Rep. Ilhan Omar (D-MN) and Rep. Rashida Tlaib (D-MI) have been busy since their aborted trip to Israel last week. On Monday, the Democratic lawmakers held a fundraise, urging people to support the “fight for justice for all.”at the Minnesota State Capitol, during which Tlaib tearfully recalled “dehumanizing” checkpoints during visits to Palestine as a child. Rep. Tlaib has also used the trip to
It is increasingly obvious that Omar and Tlaib used the canceled trip as a publicity stunt to further promote the anti-Semitic BDS (Boycott, Divest and Sanctions) movement.
Israel barred the two Democrats from entry by citing a 2017 law that bans supporters of the BDS movement from entering the country. The law was also used to deny entry to seven French politicians and EU parliamentarians in 2017.
The BDS movement calls for “ending [Israeli] occupation and colonization of all Arab lands,” the removal of the wall in the West Bank, “full equality” for Arab Israelis, and the return of millions of descendants of Arab refugees. In order to accomplish these goals, BDS is attempting to isolate the Jewish State by boycotting companies that do business in Israel.
Cloaked in social-justice language and claiming to be a champion of oppressed Palestinians, the BDS movement ensnares well-meaning people. However, it is anti-Semitic, not merely anti-Zionist.
“The real aim of BDS is to bring down the state of Israel… That should be stated as an unambiguous goal,” As’ad AbuKhalil, a leader of BDS, has stated. The Jewish Virtual Library has collected many statements from BDS leaders displaying the anti-Semitic motivations of the movement.
Omar Barghouti, the founder of BDS, when asked whether Jews were entitled to their own state, replied, “Not in Palestine.”
Omar and Tlaib are strong supporters of BDS. Both representatives voted against a bi-partisan bill opposingBDS. In what the New York Times described as “a rare moment of House comity,” the bill passed overwhelmingly with 349 members voting in favor – and 17 (including Omar and Tlaib) voting against.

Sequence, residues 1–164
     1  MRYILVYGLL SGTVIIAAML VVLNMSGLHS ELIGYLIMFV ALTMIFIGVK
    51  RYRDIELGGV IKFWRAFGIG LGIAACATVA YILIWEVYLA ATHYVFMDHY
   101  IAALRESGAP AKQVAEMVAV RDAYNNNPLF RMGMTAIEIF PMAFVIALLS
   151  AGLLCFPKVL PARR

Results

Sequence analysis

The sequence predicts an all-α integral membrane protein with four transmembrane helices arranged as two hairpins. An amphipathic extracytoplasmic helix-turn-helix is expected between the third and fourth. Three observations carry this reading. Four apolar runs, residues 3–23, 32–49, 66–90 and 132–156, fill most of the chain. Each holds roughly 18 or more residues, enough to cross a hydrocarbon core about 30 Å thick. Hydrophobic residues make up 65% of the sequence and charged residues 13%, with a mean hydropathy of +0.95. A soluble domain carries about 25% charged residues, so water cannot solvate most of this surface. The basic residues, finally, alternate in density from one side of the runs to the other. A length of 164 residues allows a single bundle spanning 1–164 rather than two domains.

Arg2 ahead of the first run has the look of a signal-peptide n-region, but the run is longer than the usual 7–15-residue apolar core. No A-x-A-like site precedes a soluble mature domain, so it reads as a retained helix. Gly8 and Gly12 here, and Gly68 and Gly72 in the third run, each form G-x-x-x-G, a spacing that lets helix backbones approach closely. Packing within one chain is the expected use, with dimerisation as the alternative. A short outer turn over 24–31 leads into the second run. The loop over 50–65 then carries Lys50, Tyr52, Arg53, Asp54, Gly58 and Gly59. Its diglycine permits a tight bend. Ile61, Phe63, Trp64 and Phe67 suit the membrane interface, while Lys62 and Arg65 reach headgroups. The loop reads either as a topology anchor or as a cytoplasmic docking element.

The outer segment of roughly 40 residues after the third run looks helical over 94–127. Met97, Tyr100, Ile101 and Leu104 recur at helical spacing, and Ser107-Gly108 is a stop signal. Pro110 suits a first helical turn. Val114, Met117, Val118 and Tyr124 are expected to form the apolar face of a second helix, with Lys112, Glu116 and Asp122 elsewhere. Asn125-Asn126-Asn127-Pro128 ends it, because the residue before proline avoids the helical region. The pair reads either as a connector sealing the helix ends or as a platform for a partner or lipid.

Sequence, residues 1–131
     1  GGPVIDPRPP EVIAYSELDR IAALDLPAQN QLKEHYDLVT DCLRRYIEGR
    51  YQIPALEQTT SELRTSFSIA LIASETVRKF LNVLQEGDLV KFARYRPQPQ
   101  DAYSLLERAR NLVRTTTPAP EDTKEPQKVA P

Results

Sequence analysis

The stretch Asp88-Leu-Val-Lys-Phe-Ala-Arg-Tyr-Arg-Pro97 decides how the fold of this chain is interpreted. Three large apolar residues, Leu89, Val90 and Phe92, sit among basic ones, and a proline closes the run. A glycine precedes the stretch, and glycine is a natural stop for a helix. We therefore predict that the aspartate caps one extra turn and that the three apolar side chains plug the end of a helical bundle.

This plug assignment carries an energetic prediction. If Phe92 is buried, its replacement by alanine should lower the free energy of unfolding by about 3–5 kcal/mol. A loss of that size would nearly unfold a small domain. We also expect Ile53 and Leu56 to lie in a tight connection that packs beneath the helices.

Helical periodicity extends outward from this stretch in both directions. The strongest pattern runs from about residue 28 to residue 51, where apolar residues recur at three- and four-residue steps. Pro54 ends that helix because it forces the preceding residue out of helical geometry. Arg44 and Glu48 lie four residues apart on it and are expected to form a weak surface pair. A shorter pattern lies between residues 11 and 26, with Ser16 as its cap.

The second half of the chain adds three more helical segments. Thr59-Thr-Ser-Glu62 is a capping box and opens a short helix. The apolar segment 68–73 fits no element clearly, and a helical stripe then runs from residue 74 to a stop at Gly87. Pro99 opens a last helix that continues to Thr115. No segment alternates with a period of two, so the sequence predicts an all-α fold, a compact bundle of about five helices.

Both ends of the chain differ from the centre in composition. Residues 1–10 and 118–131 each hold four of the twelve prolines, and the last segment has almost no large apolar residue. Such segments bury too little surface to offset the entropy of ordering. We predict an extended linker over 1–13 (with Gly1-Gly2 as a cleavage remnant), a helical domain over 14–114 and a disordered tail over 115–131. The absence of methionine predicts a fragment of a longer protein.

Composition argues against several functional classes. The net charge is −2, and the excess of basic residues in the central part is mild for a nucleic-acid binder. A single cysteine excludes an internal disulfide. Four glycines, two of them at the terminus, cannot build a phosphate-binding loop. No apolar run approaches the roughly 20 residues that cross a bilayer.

The Democratic representatives attempted to add legal protections to BDS by introducing a House Resolution protecting the “right to boycott in the United States.” Though the resolution does not mention BDS specifically, it is in response to 25 states passing laws to curtail the right to participate in the BDS movement.
With a well-documented history of advancing BDS, Omar and Tlaib could reasonably expect to be denied entry to Israel due to the 2017 law. However, Omar and Tlaib could still have visited Israel with 72 other members of the House on a recent trip sponsored by the American Israeli Education Foundation (AEIF). Israeli President Benjamin Netanyahu permitted Omar and Tlaib entry “out of respect for Congress.”
Both congresswomen rejected the AEIF trip, instead accepting a trip organized by Miftah. Miftah, a Palestinian NGO, has celebrated terrorists, excused jihadist violence, and published an article accusing “the Jews [of using] the blood of Christians in the Jewish Passover.”
The itinerary planned by Miftah was titled, “Delegation to Palestine,” and did not include any meetings at the Knesset.
Even still, the Israeli government granted Tlaib access to the West Bank to visit her grandmother. Tlaib refused,stating “Visiting my grandmother under these oppressive conditions to humiliate me would break my grandmother’s heart.” “Apparently her hate for Israel overcomes her love for her grandmother,” Israeli Interior Minister Aryeh Deri tweeted in response.
It is clear that Omar and Tlaib not only knew they would be denied entry but designed the trip to ensure it. Otherwise, the congresswomen would not have rejected the offer from AEIF, and Tlaib would have visited her grandmother. Instead, the Israeli government is facing a public relations mess, and Omar and Tlaib have a worldwide platform to promote BDS.
The question now is whether or not the Democratic party will allow two freshmen representatives to overturn a decades-long, bipartisan commitment to supporting Israel.
Morgan Wirthlin is Chief of Staff at the Center for Security Policy, located in Washington, D.C.